North Georgia Wildlife Part 8 (Black Bears)

bear

Black bears can generally be found in three  regions in Georgia. These areas are the North Georgia mountains, along the Ocmulgee River drainage system in the central part of Georgia and in the Okefenokee Swamp in the southeast. Black bears however can range over larger areas in search of food and young male bears often will roam large areas until they are able to establish their own territory.

Bears typically live in  forested areas and swamps especially those with mixed pine that offers them a plentiful supply of natural foods, trees, and thickets that they can escape to for security. Hollow trees are common den sites for Georgia bears. However, brush piles, rock crevices or other places that offer protection may be used.

The typical life span of a  black bear is about 8-15 years. Adult bears can be up to 6 feet in length and about 3 feet high at the shoulder. Female adult bears can weigh up to 300 lbs and attain breeding status at about 3 1/2 – 4 1/2 years of age. Adult males can weigh over 500 lbs and may breed as early as 1 1/2 years of age. Bears have poor eyesight but an excellent sense of smell. They are excellent tree climbers, good swimmers and are able to run at speeds of up to 30 mph. The breeding season is in July and cubs are born in the den in late January or February. Bear cubs weigh about 8oz when they are born and are relatively undeveloped and entirely dependent on the mother. Cubs stay with their mother throughout the first year, den with her during the following winter and stay with her until she finally drives them away the following spring. Due to this extended care for her young, females only produce a litter every two years.

Bears are considered omnivorous meaning their diet consists of whatever is available at that time of year. Diets vary according to what part of the state the bear calls home as well. However, the majority of their diet consists of berries, fruits, acorns, grass, and animal matter including insects and mammals such as deer. When houses, camps or recreation areas are located within the range bears are naturally attracted to the smells associated with cooking and garbage disposal. Other non natural attractants include pet food, birdseed, suet, compost piles, gardens, beehives and cornfields. Bears can become attracted to human food when their natural diet sources are scarce. A bear typically will remain in an area where food can be found until that food supply is gone or until other measures are taken.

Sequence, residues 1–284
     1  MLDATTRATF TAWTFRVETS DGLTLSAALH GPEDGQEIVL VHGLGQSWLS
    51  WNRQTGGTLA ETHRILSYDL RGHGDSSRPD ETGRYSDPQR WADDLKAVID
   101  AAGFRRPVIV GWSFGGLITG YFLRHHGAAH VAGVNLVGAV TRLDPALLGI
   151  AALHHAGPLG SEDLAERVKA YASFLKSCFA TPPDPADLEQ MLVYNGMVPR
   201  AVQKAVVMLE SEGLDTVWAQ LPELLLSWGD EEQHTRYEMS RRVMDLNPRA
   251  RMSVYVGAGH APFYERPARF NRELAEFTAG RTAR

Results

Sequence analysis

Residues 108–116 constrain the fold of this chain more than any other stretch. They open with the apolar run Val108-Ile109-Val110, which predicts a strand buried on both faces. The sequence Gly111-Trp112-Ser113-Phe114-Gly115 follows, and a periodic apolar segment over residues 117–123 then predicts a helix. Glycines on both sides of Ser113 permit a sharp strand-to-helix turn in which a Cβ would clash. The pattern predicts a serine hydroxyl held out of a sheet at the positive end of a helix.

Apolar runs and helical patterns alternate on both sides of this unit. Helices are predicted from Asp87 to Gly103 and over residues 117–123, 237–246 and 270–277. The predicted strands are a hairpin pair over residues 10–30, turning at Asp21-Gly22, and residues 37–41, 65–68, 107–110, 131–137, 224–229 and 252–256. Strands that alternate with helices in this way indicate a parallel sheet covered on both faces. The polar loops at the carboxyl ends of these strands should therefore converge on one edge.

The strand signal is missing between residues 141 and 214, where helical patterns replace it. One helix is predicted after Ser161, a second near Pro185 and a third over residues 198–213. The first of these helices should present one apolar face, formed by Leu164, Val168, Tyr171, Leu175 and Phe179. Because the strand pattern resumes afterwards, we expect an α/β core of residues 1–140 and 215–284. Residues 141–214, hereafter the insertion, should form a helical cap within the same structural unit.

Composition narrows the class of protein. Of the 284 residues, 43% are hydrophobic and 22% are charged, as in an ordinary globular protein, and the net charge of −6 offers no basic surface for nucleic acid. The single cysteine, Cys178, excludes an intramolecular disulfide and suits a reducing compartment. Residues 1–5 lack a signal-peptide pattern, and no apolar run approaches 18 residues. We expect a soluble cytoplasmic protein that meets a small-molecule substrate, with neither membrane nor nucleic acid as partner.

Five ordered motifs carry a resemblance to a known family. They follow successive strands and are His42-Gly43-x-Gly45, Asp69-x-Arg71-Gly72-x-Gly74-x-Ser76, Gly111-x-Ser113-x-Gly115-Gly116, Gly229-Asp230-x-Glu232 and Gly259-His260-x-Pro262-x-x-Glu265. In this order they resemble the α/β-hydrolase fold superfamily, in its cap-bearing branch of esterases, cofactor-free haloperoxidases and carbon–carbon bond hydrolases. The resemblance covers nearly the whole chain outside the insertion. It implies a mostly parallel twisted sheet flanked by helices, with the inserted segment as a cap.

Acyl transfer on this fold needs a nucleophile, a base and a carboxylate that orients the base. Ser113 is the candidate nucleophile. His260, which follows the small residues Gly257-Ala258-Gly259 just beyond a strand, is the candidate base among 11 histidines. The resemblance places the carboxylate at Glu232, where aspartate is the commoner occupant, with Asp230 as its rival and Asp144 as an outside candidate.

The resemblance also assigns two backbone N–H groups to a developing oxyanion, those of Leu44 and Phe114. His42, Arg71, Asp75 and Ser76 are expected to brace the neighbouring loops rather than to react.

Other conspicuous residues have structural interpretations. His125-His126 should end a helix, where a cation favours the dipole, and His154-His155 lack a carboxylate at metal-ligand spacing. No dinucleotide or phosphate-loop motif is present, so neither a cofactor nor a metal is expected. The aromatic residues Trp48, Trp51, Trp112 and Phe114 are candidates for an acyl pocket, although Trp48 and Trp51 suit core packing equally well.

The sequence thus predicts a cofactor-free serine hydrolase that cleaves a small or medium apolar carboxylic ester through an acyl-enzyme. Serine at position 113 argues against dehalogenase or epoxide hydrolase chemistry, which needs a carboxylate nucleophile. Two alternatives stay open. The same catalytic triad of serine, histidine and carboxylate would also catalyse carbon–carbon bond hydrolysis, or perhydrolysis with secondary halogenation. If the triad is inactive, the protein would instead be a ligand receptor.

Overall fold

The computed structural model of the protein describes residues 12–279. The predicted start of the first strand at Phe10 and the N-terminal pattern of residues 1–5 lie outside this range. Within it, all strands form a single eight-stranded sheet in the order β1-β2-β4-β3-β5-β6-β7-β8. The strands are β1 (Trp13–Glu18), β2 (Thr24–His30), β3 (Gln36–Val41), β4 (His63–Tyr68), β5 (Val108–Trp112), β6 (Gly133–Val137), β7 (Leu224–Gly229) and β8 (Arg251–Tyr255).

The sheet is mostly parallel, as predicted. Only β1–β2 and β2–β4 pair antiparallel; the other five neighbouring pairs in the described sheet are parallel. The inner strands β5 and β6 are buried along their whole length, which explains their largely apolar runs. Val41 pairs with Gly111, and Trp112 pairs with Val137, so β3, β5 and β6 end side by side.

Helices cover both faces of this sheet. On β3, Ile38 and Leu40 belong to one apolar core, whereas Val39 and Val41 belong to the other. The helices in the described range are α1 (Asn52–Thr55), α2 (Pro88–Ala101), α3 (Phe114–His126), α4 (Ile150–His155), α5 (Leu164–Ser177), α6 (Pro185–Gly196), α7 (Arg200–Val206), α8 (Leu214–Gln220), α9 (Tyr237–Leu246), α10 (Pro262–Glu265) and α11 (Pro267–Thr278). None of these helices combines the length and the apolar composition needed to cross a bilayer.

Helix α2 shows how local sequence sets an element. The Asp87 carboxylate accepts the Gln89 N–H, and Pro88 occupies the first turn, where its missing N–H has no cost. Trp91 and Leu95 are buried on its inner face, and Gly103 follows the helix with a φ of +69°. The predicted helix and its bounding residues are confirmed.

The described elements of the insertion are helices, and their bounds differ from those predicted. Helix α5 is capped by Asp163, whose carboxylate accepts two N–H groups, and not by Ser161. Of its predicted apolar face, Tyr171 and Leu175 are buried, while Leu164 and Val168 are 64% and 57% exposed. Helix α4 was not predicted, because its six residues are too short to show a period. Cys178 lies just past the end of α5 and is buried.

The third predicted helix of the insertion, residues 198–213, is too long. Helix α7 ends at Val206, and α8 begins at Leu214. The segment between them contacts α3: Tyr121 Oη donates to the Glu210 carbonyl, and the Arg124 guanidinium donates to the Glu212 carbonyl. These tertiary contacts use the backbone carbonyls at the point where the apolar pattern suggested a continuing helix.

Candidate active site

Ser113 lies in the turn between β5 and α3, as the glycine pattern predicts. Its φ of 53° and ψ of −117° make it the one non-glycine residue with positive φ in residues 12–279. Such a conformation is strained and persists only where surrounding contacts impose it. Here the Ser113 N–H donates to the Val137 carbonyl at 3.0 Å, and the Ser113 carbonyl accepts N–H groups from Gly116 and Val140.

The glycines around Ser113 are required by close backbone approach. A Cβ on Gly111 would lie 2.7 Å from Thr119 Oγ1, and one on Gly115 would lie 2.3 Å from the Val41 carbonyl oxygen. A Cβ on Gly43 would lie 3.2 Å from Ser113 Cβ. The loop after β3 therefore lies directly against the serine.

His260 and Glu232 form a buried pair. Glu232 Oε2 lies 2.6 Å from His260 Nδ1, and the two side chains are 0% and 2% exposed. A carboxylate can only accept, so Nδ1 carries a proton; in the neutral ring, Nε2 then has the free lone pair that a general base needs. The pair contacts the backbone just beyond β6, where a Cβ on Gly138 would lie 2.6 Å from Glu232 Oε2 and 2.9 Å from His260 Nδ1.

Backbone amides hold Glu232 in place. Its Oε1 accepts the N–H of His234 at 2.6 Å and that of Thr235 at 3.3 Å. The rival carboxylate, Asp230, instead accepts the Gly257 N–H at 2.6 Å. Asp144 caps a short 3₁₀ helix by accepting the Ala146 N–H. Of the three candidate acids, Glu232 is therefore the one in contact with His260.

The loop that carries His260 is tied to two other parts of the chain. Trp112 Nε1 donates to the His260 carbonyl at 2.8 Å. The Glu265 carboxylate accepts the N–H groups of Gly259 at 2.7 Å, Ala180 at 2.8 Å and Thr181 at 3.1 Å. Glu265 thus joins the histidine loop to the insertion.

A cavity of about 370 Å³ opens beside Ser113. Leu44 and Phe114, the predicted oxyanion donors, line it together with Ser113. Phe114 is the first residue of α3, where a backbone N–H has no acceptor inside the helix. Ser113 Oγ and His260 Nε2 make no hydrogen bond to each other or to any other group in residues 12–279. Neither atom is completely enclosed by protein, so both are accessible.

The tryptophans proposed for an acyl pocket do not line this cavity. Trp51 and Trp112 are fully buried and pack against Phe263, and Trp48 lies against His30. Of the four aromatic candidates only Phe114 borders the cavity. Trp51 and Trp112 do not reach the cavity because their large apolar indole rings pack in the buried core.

Game Management Offices receive numerous bear nuisance calls every year. Typically, the caller expects someone to capture and relocate the bear. This is usually not the best solution for residents or bears as other bears may move into the territory or the relocated bear who will try to find its way back will commonly be hit by a car. In addition, relocated bears typically will enter into territory conflicts with existing bears resulting injury or death of one or both bears.

For each nuisance situation it is evaluated why the bear is causing problems. Most problems can be resolved through simple actions such as taking down bird feeders, taking in pet food, or storing garbage in an area unavailable to bears like a garage. Removing or making attractants unavailable to bears is a critical step in resolving bear/human conflicts. It is equally important for people to be patient. It may take several days for the bear to learn that it is no longer going to be provided with a free meal. In most cases the bear will simply move on when the food source is no longer present. Installation of an electric fence may be necessary when bee hives and gardens are involved. When camping or hiking store your food items in a vehicle or hoist food packs into the air away from the trunks of trees. Capture and relocation of a bear is a last resort and only warranted if the bear persists in being a nuisance and presents a safety threat to residents or major property damage is likely. Be aware though that there have been no recorded bear attacks on humans in Georgia, and no fatalities.

 

 

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